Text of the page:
Column: A Canadian Pagan Winter

Dodie Graham McKay —  December 12, 2015 — Leave a comment

Canada is a country known worldwide as a snowy and cold winter wonderland. Our national identity is forever marked by images of hockey players, snowmobiles, dogsleds and toques (a French Canadian word for a wool hat). By the time we reach Winter Solstice, the dark of winter is upon us. Sub-zero temperatures and cruel wind chill drives people indoors to keep warm. In the depth of winter, average temperatures vary from zero degrees Celsius on the West Coast and minus ten degrees Celsius on the East Coast, with the deep freeze of minus 22 degrees on the prairies in the middle of the country. Even with the mild temperatures provided by this year’s El Nino weather pattern, ice and snow abound. The short daylight hours contribute to Seasonal Affective Disorder, and other mental health issues. What is a Canadian Pagan to do?

Snowstorm, Montreal [Photo Credit: Mourial / Wikipedia]

Snowstorm, Montreal [Photo Credit: Mourial / Wikipedia]

For many Pagan folk, embracing the local landscape and climate becomes a deeply spiritual act. For Montreal, Quebec based Bard and storyteller, JD “Hobbes” Hickey, winter is a time to reflect and contemplate:

I think it’s important to build a healthy relationship with the realities of winter by immersing ourselves in the winter reality of cold, snow, and ice. If there’s one thing that unites Canadians, it’s complaining about winter. But in a spiritual setting, I would rather focus on the beauty of winter and building a healthy relationship with it. If you don’t respect the reality of winter, it can quite literally kill you. But if you prepare for winter, there are many beautiful aspects of it that people can appreciate if they make the time to notice it.

As the long dark nights and deep cold drive us indoors, solitary practice can be enhanced by the opportunities of winter, and devotional practice can go deep. Angela Grey, a Witch from Winnipeg, Manitoba, a city that made headlines in 2013 for being colder than planet Mars,  takes advantage of the dark half of the year to perform deeply personal work:

As a Canadian Pagan, my ritual year is divided into two distinct halves. The warm part of the year is about community: the cold half of the year is for me. That’s the time I set aside to do research, catch up on my reading, and focus on the private rituals that make up my personal path.  And my annual rituals to the Cailleach are the line that separates the two.

All through the summer, her candle sits veiled in grey and undisturbed in a little niche on my wall altar. But as soon as the first snow falls, I know that her half of the year has begun. That night, I take down her simple blue candle, and carefully unwrap it from its silver veil. I set it in front of the beautiful tapestry a friend made for me, and open my craft room window so the cold can come flooding in. I light the candle, and recite the invocation I wrote just for Her. “I call to the Bringer of Storms; I call to the Frost Bearer, the Blue Faced Hag; To She who stirs the cauldron at Corryvrekan; I call to the Grey Veiled Walker in the Night . . . ”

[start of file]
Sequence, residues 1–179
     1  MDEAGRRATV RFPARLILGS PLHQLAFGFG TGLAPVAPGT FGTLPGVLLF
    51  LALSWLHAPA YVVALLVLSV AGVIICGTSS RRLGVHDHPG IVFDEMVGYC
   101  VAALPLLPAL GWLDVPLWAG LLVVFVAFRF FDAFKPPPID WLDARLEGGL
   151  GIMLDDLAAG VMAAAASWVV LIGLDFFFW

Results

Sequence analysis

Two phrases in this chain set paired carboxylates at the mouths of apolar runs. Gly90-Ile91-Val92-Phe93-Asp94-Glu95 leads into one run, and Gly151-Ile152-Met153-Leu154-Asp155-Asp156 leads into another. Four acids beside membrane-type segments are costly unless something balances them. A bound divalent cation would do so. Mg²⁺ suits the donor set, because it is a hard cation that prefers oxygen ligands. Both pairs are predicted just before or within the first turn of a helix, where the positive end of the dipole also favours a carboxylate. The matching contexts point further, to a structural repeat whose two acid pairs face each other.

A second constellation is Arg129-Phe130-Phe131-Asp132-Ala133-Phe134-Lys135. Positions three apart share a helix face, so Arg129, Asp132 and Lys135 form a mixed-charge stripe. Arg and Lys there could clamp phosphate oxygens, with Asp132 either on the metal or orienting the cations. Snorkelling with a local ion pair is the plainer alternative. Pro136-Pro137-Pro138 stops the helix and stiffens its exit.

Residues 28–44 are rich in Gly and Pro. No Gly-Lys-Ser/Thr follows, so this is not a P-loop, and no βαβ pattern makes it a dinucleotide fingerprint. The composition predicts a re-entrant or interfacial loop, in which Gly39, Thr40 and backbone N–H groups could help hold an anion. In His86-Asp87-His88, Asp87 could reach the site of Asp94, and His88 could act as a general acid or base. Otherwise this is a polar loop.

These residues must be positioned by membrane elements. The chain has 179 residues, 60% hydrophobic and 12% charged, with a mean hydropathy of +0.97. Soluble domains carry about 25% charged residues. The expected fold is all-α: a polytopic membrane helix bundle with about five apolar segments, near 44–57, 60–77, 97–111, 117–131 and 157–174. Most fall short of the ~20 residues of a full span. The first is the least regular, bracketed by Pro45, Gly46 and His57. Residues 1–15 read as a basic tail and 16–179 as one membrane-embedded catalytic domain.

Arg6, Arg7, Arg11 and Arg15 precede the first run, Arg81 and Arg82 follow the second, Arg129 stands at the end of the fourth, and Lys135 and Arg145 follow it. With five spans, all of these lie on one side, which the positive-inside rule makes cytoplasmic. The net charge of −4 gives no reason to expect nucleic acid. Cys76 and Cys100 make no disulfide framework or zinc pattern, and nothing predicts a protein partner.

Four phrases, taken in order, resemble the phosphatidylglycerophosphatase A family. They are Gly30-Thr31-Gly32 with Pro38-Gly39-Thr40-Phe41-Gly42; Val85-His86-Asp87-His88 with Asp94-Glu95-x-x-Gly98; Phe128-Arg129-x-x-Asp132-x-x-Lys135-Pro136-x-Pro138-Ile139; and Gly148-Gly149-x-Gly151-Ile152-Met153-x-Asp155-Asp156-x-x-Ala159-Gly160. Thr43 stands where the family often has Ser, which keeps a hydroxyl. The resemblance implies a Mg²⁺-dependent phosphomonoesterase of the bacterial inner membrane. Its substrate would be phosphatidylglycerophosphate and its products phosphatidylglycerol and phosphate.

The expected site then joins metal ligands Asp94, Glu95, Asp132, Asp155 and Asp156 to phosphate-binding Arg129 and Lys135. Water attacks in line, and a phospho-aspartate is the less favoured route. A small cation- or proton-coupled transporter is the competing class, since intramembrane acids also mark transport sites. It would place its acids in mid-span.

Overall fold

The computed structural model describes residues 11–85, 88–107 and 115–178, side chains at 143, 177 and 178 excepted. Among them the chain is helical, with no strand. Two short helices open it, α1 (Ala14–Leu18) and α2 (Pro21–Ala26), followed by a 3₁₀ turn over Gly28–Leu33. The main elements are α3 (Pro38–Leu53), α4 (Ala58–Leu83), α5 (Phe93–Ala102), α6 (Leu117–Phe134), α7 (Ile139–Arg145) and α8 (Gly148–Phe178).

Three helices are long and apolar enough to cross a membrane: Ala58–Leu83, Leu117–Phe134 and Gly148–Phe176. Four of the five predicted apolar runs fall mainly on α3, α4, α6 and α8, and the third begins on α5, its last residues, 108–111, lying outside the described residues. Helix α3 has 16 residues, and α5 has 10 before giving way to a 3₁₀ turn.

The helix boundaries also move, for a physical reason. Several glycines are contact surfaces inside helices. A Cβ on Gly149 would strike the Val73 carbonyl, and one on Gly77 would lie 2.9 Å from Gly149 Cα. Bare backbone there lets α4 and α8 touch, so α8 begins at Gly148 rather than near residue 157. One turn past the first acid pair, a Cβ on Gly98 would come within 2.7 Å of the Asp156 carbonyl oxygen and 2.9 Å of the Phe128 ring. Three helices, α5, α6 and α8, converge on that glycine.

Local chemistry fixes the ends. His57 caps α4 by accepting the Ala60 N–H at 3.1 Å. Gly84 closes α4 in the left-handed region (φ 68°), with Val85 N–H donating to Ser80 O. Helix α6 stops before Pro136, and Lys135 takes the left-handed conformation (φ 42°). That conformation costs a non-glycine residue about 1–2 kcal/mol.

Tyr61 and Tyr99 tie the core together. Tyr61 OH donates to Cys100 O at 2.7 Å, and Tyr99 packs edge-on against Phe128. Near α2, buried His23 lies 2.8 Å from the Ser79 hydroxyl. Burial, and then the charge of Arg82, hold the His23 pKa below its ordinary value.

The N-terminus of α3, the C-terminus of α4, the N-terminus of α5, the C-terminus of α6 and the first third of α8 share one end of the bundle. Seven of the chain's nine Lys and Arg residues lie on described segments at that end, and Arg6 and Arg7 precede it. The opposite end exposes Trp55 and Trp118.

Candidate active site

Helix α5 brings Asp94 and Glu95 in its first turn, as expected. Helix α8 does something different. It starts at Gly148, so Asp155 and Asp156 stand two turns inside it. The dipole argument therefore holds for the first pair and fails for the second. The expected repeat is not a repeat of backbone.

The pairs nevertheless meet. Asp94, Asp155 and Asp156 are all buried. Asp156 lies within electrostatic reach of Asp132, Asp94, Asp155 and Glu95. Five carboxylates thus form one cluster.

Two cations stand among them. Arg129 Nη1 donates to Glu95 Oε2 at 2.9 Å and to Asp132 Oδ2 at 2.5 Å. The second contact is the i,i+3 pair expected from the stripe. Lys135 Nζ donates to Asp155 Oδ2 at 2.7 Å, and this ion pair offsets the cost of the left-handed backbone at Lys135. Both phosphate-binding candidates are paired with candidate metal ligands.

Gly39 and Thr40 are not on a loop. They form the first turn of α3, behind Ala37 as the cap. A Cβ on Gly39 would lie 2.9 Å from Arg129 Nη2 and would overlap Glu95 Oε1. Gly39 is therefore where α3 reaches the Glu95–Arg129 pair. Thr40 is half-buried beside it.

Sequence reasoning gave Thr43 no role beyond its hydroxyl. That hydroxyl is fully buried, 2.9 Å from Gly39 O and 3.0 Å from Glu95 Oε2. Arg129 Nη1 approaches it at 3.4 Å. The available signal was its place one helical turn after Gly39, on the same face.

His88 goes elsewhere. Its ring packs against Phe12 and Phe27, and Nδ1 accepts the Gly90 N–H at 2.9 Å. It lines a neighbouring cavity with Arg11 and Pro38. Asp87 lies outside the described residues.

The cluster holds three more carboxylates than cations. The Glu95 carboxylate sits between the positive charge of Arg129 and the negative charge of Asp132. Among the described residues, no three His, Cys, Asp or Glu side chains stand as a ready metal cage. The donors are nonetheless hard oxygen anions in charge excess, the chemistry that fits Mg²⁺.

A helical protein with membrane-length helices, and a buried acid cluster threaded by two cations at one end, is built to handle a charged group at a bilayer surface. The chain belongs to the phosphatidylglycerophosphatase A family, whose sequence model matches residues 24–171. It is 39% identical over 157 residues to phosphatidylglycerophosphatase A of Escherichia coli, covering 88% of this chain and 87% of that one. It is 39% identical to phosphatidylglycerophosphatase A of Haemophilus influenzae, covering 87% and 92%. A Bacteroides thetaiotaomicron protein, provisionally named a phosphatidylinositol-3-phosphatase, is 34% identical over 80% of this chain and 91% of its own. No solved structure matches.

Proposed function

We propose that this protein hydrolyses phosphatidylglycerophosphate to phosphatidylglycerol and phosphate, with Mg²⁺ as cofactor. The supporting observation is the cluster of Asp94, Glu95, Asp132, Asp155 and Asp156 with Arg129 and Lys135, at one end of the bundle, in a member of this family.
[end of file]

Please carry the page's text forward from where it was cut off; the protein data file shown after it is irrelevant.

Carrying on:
I don’t call too loud, or too long; I’m not sure I want the full attention of the fearsome power that is stirring to walk the land. When I think I have called Her just enough, I offer Her a simple meal of scotch and welsh cakes. It’s a small thing, but I hope that She’ll remember this token of respect in the coming months; that She’ll step around me when I’m caught out in the weather, and refrain from pushing my car off an icy road at night.

This ritual isn’t tied to a particular calendar date. Rather, it is done on the day of the first significant snowfall of the season.  This can have some odd consequences. I traveled [sic] a lot this fall, so over the course of a couple of weeks, I was present for the first snowfall in three different provinces. Rather than picking one of the days as the “true” arrival of the Cailleach, I ended up doing the ritual on three separate occasions. All through the winter, Her candle sits unveiled in its niche, available for me to take down an use in ritual. When the last of the snow melts in the spring, I give her one last offering, and veil it again for the summer months.

Ritual for The Cailleach. Photo by Angela Grey

Ritual for The Cailleach. [Photo Credit: Angela Grey]

In the darkest days of the long winter, some Pagans are still enjoying festival season. Tribal Hearth, a polytheistic group of volunteers and like-minded individuals, host Northern Lights Gathering, an intensive winter weekend each February at the Mansfield Activity Centre, in the rolling countryside an hour and a half north of Toronto, Ontario. The 2016 edition of this event sold out in ten hours, proving that the prospect of spending a weekend at a forest retreat in the cold has appeal to the local Pagan folk, and the landscape of winter appeals to all ages. According to event organizer Jessica Kelly: